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A most unpleasant surprise

Peter Cole was a tanner from Ipswich, although his year of birth is generally unknown. He found himself tried in Norwich for heresy and executed there, presumably in the Castle moat (below), which must have been something of a shock as it was 1587 and the heresy laws had been repealed again almost thirty years earlier. Cole was an Arian (1) and one of nine people burned during Elizabeth I’s reign, followed by another two under James I, as detailed here.
Just as we showed in this post, there was a distinct East Anglian emphasis to this smaller scale persecution, just as there had been in Mary I’s reign. Four of this nonet suffered in Norwich from 1579-89 and the others in London from 1575-93. Two, or possibly three, were from the Netherlands. The cases of Matthew Hamont and Francis Kett, both Norfolk residents, are better documented than that of Cole and the latter was Robert Kett’s nephew. During this decade, Edmund Freke and then Edmund Scambler were Bishop of Norwich.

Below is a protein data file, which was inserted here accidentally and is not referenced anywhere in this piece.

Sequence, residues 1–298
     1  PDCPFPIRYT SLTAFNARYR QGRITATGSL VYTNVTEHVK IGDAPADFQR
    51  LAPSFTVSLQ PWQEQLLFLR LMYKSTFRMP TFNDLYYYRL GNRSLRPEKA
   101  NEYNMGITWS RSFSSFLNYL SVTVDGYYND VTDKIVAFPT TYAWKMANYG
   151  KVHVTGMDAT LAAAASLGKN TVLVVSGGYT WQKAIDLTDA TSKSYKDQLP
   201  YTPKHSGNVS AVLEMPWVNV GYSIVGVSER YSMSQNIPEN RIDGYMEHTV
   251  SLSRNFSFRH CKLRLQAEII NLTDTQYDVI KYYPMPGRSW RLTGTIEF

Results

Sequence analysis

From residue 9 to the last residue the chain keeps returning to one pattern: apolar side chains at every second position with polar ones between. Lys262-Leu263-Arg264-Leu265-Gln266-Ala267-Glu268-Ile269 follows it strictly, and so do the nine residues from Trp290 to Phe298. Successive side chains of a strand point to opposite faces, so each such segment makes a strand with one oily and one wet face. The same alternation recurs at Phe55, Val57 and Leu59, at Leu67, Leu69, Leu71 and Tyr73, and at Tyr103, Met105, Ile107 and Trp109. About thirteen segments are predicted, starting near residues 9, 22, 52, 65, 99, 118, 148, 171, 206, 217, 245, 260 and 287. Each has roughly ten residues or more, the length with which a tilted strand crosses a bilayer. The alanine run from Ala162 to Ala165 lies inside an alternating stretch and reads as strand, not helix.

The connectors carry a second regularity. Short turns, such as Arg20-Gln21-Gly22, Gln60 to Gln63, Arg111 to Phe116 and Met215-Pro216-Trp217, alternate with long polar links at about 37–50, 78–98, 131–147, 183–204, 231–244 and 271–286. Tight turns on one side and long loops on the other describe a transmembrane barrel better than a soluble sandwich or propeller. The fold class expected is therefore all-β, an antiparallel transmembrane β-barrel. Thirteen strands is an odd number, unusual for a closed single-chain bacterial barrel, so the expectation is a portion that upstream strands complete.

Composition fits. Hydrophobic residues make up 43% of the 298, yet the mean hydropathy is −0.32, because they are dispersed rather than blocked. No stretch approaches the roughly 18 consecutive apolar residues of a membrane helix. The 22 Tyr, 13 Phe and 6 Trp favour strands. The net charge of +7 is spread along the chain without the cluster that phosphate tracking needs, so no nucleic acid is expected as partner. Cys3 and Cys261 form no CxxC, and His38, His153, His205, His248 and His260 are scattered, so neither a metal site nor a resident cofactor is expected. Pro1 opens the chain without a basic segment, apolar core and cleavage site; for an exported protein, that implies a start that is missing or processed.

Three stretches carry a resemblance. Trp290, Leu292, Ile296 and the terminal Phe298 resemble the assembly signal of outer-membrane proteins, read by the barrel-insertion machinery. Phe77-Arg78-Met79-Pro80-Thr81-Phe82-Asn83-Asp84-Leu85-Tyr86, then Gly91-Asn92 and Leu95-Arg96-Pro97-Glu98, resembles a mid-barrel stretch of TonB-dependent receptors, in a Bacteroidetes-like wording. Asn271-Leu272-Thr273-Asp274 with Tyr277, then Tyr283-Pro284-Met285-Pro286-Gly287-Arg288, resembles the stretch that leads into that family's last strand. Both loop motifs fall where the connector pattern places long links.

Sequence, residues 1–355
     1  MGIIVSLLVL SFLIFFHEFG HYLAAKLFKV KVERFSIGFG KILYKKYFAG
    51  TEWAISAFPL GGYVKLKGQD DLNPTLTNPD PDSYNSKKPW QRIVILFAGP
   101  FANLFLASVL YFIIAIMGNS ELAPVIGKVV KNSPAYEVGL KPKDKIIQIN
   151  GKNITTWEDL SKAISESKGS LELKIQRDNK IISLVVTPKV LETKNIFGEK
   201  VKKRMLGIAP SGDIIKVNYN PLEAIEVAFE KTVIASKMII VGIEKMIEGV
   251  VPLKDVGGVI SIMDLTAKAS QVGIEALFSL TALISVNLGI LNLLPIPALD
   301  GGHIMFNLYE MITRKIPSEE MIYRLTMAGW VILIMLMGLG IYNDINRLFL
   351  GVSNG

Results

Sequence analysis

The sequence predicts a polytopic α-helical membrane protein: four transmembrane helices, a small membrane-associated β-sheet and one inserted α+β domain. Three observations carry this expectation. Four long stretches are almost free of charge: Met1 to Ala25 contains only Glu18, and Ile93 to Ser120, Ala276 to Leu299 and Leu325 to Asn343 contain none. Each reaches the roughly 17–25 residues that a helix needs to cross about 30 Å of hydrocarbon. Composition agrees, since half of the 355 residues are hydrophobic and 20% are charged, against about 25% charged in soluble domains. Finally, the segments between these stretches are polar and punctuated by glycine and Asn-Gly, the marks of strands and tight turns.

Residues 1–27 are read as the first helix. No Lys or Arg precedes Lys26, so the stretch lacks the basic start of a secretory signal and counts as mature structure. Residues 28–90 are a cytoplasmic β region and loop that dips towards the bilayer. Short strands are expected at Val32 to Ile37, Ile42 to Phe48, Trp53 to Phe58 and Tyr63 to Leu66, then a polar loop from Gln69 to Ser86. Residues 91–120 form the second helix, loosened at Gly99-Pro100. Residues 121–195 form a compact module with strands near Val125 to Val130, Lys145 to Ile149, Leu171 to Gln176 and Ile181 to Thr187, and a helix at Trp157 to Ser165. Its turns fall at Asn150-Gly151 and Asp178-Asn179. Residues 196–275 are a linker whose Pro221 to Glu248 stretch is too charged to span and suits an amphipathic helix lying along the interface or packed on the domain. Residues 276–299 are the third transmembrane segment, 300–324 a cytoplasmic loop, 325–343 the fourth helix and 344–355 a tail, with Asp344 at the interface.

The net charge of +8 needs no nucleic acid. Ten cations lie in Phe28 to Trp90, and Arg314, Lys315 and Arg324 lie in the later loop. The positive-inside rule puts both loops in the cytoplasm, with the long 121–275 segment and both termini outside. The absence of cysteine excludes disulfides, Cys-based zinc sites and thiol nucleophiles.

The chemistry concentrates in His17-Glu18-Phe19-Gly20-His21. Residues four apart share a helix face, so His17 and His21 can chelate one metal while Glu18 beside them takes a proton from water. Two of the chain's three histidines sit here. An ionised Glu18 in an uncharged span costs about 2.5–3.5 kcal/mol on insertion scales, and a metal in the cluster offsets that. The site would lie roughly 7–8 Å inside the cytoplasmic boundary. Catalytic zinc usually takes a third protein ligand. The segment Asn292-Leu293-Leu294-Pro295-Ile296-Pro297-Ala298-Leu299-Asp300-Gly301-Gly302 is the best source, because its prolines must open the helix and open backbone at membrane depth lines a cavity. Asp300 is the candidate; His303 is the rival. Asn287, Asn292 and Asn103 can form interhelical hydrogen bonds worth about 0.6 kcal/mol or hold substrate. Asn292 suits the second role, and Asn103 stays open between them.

(1) As you can see, the Unitarians see themselves as heirs to the Arian tradition, whose followers in the centuries after the Norwich Four included Newton and Priestley.

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2 thoughts on “A most unpleasant surprise

  1. viscountessw on said:

    Not all Unitarians had deep religious convictions. My grandmother chose to go to her local Unitarian church because she thought the hymn-singing was far better. That’s how my father grew up a Unitarian, not C of E! But then, burning was not a threat by then. At least…so I understand…

    Liked by 1 person

  2. Pingback: Britain’s most historic towns | murreyandblue

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